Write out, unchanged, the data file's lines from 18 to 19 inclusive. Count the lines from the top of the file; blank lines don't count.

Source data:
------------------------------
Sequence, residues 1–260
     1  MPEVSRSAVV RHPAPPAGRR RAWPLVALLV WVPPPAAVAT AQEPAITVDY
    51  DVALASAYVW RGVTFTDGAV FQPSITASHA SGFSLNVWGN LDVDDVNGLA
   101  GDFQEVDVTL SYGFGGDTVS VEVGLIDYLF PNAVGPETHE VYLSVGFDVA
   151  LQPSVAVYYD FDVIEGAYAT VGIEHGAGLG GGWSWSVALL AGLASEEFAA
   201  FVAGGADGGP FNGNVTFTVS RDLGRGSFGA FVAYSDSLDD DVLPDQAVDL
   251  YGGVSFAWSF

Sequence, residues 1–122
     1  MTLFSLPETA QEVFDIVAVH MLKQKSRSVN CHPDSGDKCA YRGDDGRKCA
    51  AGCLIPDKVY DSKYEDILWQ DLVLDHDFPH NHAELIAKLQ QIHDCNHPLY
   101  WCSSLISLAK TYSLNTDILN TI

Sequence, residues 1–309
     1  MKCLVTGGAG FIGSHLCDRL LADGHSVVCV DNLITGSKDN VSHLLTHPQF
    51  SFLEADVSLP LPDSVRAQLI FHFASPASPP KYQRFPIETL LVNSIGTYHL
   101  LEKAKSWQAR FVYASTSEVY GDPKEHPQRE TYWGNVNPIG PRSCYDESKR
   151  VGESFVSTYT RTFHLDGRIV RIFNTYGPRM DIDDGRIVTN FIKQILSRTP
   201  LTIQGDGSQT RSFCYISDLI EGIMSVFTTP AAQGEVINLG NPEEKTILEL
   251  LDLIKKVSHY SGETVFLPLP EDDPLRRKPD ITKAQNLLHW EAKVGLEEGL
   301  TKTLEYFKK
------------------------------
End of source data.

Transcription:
   251  LDLIKKVSHY SGETVFLPLP EDDPLRRKPD ITKAQNLLHW EAKVGLEEGL
   301  TKTLEYFKK